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podcasts
Toby Walsh with Retail Mavericks 1 of 2
May 25, 2020
In episode 1 of 2 we cover: What do killer robots and autonomous cars have in common? What problems can AI be used to solve? Ethical engineering: understanding the ethical dimensions of AI, what are they? Why should we care about them? Think about this: there will be a time in the future when AI will make decisions that we humans just cannot understand, so having Transparency & Explainability built into algorithms is going to be important, right? Maybe. Challenges we face in the Fourth Industrial Revolution. Do we need to add another “A” to AI? Why ‘autonomous’ is the basis of AI’s future. What is the future and relationship between AI and humanity? Are things such as universal basic income and taxing robots the way to go? Meet Dr Toby Walsh: Toby is a leading global expert in artificial intelligence (AI). He is a Professor of Artificial Intelligence at the University of New South Wales. Toby has served as Scientific Director of NICTA, Australia’s Centre of Excellence for ICT Research, and leads a research group at Data61 (the lab from which Hivery originated). Toby was named by The Australian newspaper as a “rock star” of Australia’s digital revolution and included in their list of the 100 most important digital innovators in Australia. In 2015, Professor Walsh helped launch an open letter calling for a ban on autonomous weapons or ‘killer robots’ that was signed by more than 20,000 AI researchers and high profile scientists, entrepreneurs and intellectuals, including Stephen Hawking, Noam Chomsky, Steve Wozniak, and Elon Musk. He has since been invited by Human Rights Watch to talk at the United Nations in both New York and Geneva. Professor Walsh has been elected a Fellow of the Australian Academy of Science, Fellow of the Association for the Advancement of AI, and Fellow of the European Association for AI. He has won the Humboldt Award and the NSW Premier’s Prize for Engineering and ICT. He has written a popular book about AI, ‘Android Dreams: The Past, Present and Future of AI‘. His Twitter account, @TobyWalsh was voted one of the top ten to keep abreast of developments in AI. His blog, The Future of AI, attracts tens of thousands of readers every month. You can also purchase his recent book titled ‘2062: The World that AI Made’.
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podcasts
Toby Walsh with Retail Mavericks 2 of 2
May 25, 2020
In episode 2 of 2 we cover: How AI is currently being used in everyday tasks: from voice assistance and recommendations for movies and books to routing and logistics. How can businesses, especially retailers and CPGs, find the balance between using AI to maximise sales and give consumers what they desire vs ethical considerations? For example, if an AI model learns you like sugary drinks from your purchase history, what are the ethical (and health) implications for implementing such recommendations? Should we intervene? How transparent should AI recommendations be? How can we build more desirable feedback loops for both retailers and consumers? Learn about The 4 Ds of AI/robotization – Dull, Dirty, Dangerous, and Difficult – and what they mean. With the onset of The 4 Ds, we explore what skills employers (and even parents) need to start helping and encouraging their people (kids) to develop in the future? You can learn more about the 10 skills you need to thrive in the Fourth Industrial Revolution. Toby shares a simple triangle framework starting with: Data skills and data literacy (i.e. Presentation Skills, Data Visualization, Python–Statistical Programming); Emotional intelligence (the key ingredient for working with people); and Creativity. We also look at what the education system needs to do to help shape this new thinking and facilitate new skills creation for our younger citizens. Discover what Finland is already doing to educate its citizens, with 10% of their population already educated in AI. Finland’s goal is to educate at least 1% of European citizens by 2021. Join over 410,000 other people learning about the basics of AI. Toby highlights that the more we understand AI, the less we will see it as “black magic”, and the better decisions we will make. Finally, we share a few insights on how a business should start with thinking about leveraging AI, including whether to buy or build and the importance of investing in your people. This episode is a part of academia-focused series featuring your usual host Milena Salmon and guest co-host Dr Alvaro Flores, Mathematician and Data Scientist at HIVERY. You can listen to Alvaro’s podcast on his PhD and HIVERY transforming promotional calendars here. Resources: Toby Walsh: The AI future is here and what this means for education Elements of AI How can you stop killer robots | Toby Walsh | TEDxBerlin Toby Walsh: Computers making life or death decisions AI and Ethics | Toby Walsh | TEDxBlighStreet Toby’s Books: 2062: The World that AI Made Android Dreams: The Past, Present and Future of Artificial Intelligence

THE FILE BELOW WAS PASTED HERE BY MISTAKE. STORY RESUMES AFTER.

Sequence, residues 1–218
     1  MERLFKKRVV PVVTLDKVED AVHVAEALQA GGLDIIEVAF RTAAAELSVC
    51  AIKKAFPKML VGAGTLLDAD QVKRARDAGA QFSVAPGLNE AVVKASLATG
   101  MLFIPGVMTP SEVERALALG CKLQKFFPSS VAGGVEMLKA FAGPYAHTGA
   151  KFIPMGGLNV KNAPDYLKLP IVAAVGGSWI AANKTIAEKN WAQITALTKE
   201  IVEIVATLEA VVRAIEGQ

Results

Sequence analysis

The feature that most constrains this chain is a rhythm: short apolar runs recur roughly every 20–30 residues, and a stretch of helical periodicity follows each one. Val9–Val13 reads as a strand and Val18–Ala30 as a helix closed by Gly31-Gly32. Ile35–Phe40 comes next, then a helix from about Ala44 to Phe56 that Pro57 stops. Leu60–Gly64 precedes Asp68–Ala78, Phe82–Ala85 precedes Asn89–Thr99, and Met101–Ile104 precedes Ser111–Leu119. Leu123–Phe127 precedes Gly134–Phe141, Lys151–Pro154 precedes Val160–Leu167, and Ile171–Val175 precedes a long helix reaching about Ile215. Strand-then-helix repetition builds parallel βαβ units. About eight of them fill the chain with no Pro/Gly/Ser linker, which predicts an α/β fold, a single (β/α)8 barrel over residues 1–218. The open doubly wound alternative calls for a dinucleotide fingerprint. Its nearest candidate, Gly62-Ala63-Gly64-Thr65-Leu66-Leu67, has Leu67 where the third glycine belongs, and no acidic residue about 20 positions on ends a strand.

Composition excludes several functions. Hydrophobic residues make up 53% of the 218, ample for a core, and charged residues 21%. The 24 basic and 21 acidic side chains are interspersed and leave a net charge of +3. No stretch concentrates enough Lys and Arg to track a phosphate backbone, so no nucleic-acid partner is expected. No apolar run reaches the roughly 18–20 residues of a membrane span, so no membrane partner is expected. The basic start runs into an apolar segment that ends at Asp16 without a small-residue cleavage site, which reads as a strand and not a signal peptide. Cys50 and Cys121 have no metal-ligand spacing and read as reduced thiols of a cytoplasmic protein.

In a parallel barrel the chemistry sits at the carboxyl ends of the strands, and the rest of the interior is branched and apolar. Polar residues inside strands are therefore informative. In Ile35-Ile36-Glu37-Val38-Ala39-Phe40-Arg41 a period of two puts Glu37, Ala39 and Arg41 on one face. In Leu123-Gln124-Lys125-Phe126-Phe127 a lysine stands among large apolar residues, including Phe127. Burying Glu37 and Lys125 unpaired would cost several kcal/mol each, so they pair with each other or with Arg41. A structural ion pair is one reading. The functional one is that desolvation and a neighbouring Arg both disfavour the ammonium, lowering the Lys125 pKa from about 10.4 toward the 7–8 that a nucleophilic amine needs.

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podcasts
Roy Cooke on scaling a business and KPI hierarchy
May 04, 2020
In this podcast episode you can learn about: Common mistakes when scaling a business from a team of 25 to 30 or more. Roy talks about what to expect and what to look out for, including setting up the right management, right metrics and right sales team. As a business leader, find out what you need to do to engage and redirect the company’s attention; big hint: Data has a better idea. Determine which KPI matter. The often forgotten significance of “unit economics” – the direct revenues and costs associated with a specific product or business model. This is a basic measure but often missed as companies, new or established, scale getting lost in vanity metrics. Measuring unit economics allows business leaders to make better decisions, from agreeing to “proof of concept” to winning a new customer and comparing it to the opportunity cost of developing your product roadmap. Why is it important to get different perspectives, including speaking to other founders, investors, and advisers before making a strategic decision? What does it mean to be “decisive”? How the effective management of natural biases and irrational thinking makes better business decisions. First, determine a wide range of options, then assess the validity of the assumptions behind them. Lastly, Roy covers the use of “strategic partnerships” and why the earlier you establish them, the better. HIVERY, for instance, had a natural strategic partnership with The Coca-Cola Company and Data61/CSIRO (as investors). Leading to the scaling and expansion of both the number of locations (USA and Japan) as well as a wider range of new products.